“Speaking as John Drouin, Cutler fisherman and an individual, I have to say that I want the Canadians out of the Gray Zone. They just don’t understand the historical nature of the fishery. As a representative to the [Gray Zone] working committee, I had hopes of coming out of these meetings with a co-management plan.”

The “Gray Zone” is a roughly oval-shaped area in the Gulf of Maine surrounding disputed Machias Seal Island and measuring approximately 100 square miles. Both the U.S. and Canadian governments have laid claim to the zone, and the dispute specifically involves fishermen from Washington County and Grand Manan, New Brunswick.

Drouin, who is in his 24th season as a fisherman, is chairman of Maine’s Zone A Lobster Council and a member of the Department of Marine Resources’ Advisory Council. The Canadians “should understand that to have a peaceful fishery, they need to adopt some of our procedures. If you have two user groups using the same area, it’s a difficult situation if you have different methods.”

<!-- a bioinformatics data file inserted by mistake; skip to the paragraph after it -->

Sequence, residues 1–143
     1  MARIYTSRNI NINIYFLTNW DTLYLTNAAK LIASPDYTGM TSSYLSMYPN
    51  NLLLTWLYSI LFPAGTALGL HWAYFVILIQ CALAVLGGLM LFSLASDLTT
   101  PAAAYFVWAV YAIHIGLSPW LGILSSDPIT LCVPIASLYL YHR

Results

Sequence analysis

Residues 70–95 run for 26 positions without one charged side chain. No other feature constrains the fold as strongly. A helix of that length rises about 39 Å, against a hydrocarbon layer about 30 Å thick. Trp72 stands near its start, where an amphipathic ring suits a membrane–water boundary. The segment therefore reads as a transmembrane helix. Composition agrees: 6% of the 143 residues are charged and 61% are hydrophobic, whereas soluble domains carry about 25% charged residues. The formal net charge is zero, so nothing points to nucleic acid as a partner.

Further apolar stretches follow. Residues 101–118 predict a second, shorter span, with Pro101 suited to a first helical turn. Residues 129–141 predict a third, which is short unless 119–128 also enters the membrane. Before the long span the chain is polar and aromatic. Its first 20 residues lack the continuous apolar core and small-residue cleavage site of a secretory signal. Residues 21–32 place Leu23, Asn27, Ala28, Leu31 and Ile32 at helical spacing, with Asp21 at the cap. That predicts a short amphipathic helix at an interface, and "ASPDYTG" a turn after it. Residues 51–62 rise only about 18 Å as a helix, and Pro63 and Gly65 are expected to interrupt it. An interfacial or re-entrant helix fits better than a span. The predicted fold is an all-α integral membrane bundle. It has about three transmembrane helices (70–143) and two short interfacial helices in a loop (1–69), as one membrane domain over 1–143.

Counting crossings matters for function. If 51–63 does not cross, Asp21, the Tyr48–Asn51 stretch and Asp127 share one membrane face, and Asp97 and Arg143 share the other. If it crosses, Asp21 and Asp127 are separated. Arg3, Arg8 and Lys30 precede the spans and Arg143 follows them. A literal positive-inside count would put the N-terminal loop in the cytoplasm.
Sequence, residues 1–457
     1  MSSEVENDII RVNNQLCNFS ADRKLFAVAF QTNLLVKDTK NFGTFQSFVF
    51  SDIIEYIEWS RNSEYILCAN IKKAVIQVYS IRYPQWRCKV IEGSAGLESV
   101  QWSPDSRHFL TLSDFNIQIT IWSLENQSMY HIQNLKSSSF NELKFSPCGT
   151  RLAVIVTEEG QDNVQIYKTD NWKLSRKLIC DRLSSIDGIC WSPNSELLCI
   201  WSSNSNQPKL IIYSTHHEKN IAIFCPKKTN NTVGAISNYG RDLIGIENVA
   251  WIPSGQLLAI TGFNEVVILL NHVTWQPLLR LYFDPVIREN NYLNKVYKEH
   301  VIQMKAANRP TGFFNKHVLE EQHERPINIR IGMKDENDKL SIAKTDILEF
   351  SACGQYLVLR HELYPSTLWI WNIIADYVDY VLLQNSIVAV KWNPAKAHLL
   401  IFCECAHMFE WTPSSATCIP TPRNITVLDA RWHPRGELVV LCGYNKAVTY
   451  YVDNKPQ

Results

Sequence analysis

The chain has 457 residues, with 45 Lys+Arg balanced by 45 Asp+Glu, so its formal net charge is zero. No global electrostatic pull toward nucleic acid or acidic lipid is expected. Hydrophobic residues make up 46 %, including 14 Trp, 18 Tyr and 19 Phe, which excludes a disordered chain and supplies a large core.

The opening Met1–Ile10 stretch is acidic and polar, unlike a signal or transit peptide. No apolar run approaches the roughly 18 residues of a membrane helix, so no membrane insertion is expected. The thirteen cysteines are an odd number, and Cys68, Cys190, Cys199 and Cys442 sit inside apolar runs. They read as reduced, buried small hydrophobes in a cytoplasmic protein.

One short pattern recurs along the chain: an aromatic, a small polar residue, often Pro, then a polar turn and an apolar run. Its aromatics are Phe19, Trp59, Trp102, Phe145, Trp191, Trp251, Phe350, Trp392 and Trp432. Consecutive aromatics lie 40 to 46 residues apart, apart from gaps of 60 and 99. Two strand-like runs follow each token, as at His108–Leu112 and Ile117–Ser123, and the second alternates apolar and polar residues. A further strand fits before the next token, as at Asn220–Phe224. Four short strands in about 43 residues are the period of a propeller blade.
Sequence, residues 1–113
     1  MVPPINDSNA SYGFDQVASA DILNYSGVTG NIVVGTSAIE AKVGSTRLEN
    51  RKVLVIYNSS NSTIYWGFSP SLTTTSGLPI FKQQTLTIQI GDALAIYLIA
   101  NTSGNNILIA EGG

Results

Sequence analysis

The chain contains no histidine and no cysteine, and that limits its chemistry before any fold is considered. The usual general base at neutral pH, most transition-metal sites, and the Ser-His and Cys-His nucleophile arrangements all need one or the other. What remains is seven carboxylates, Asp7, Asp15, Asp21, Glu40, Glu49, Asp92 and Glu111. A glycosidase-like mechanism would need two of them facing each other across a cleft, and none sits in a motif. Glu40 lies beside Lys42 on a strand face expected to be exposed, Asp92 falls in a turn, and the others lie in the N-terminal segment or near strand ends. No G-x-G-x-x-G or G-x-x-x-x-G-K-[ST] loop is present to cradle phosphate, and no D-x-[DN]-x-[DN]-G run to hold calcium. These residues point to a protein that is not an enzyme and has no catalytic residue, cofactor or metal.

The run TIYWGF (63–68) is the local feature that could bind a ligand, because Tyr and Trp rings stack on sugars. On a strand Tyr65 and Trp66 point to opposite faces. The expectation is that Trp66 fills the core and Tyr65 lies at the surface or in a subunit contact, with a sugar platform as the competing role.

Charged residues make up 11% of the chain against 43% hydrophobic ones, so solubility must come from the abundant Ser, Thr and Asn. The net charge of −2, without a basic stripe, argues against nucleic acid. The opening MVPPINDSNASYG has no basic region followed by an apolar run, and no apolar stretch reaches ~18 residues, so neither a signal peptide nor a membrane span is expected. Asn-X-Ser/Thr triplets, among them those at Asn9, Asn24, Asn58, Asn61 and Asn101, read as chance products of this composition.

Klaus Sonnenberg, general manager of the Grand Manan Fishermen’s Association, responds, “Both groups of fishermen stand to benefit from an area as large as this if it’s properly managed. The Americans, including the government, have refused to delineate the zone as an area of special interest. Nothing can be done until this delineation.”

He adds, “For the Americans to say they want to push Canadians out and have the fishery the way it used to be is only going to delay a real solution. We all need to cooperate; that’s what we need at this point. Then hopefully, we can return to a more sensible form of management.”